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Iowa State Capitol December 2014School choice advocates have worked to see education savings accounts passed in Iowa since 2013.  Currently Iowa has two different options to empower parents’ education choice.  In 2006 Iowa created a school tuition organization tax credit which gives a tax credit to those who donate toward school tuition organizations who offer need-based scholarships for students attending accredited non-public schools.  That program has been expanded over the years.  Iowa since 1987 has also offered a tuition and textbook credit up to $250 for parents in accredited non-public and public schools to cover textbooks, tuition, lab and activity fees.

There has not been any tax credit or tax deduction allowed for home educators since the option was given legal status in the 1980s.

The education savings account (ESA) bills would have provided financial assistance to not only those in accredited non-public schools, but those who home school under Iowa’s competent private instruction law until this year.  The previous ESA bills filed in 2013 and 2014 contained language covering all types of school choice, much like what is offered in Arizona.

An ESA would be created through the Iowa Department of Management to allow parents to pay for qualified educational expenses.

Last year’s bill filed by State Representative Chris Hagenow (R-Windsor Heights) listed qualified expenses through the program that included: tuition and fees at a nonpublic school, textbooks, fees or payments for educational therapies such as tutoring or cognative training, curriculum fees and materials for a course of study for a particular subject or grade, tuition and fees for nonpublic online education, education services and materials for students with disabilities including paraprofessionals and assistants who are trained in accordance with state law, standardized test fees, higher education costs associated with competent private instruction, as well as, the purchase of a computer or tablet (provided one had not been purchased using grant funds in the preceding two fiscal years).

This year’s bill, HSB 203,  filed in the Iowa House that is moving through committees does not include families who home school under competent private instruction.  It only includes students attending a non-public school and doesn’t start until July 1, 2017 starting with kindergarten.  A grade is added each following year until all grades K-12 are included by July 1, 2029.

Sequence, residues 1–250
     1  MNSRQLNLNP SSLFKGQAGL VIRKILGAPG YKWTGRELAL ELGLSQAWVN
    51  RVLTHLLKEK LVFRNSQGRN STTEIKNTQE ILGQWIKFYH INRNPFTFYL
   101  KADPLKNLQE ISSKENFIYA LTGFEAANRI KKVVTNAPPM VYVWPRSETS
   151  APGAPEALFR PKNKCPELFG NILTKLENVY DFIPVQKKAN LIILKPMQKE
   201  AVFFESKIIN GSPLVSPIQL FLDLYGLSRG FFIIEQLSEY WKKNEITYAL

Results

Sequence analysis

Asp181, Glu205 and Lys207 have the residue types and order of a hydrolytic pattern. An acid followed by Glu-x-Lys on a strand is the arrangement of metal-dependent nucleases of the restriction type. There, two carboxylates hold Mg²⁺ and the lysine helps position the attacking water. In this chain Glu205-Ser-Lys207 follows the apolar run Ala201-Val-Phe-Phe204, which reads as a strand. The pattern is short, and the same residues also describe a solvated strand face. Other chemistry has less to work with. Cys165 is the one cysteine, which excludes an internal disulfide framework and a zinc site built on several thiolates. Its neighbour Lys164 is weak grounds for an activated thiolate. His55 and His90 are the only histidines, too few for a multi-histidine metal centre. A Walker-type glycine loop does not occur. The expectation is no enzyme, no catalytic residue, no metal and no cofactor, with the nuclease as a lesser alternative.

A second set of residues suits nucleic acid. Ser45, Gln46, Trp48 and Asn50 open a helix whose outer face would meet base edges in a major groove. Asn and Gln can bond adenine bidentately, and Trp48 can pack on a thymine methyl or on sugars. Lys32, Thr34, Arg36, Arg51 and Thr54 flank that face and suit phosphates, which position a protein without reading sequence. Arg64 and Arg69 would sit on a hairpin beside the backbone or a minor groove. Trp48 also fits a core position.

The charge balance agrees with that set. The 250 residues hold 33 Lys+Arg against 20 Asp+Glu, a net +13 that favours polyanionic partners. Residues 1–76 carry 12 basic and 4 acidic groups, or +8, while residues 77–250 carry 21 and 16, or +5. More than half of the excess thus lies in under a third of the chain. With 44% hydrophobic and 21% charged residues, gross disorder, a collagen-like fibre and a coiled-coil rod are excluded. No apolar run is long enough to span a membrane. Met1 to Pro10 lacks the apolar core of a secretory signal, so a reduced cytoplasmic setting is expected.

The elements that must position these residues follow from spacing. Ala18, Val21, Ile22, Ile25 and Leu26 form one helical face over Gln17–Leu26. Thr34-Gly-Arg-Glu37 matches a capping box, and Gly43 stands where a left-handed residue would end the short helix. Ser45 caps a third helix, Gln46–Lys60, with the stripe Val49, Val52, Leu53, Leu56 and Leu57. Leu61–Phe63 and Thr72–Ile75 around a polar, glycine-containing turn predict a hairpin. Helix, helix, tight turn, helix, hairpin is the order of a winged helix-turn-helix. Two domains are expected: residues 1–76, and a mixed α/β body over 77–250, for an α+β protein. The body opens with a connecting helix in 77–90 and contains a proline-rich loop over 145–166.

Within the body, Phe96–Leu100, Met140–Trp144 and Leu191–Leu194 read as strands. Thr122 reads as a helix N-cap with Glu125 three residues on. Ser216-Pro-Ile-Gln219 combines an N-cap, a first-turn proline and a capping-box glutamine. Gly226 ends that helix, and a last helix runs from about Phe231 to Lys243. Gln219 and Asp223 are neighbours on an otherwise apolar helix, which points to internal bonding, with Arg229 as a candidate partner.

State Representative Ron Jorgensen (R-Sioux City) who chairs the House Education Committee said the bill was drafted by House Majority Leader Linda Upmeyer’s office.  Sources involved in the process have told Caffeinated Thoughts that the bill’s language is primarily due to Jorgensen and other House education committee members dragging their feet over budget concerns.

“This (bill) was in response to a clear indication from the caucus to move forward with something that increases the choices parents have for educating their children. Based on conversations with members, several changes were made to the previous version of the bill.” Upmeyer told Caffeinated Thoughts in an email.  “The change in regards to competent private instruction was made because of concerns with the strings that would end up being attached. This would likely threaten the autonomy and privacy of those who choose that path. Like many members, I’ve heard from home schooling parents directly many times that they just want to be left alone.”

“Increasing educational opportunities is a multi-pronged approach that remains a priority for this caucus. HSB 203 is one of several ways we believe we can advance the issue,” Upmeyer added.

Iowa currently has a $7 billion dollar budget and it has included spending increases for public education every year.  The Iowa Legislature will also be asked to provide new spending for assessments and other educational priorities.

A Senate version of the ESA bill which was co-sponsored by the entire Senate Republican Caucus – SF 240 does include home schooling families under competent private instruction.  It also does not include a 12 year roll-out.

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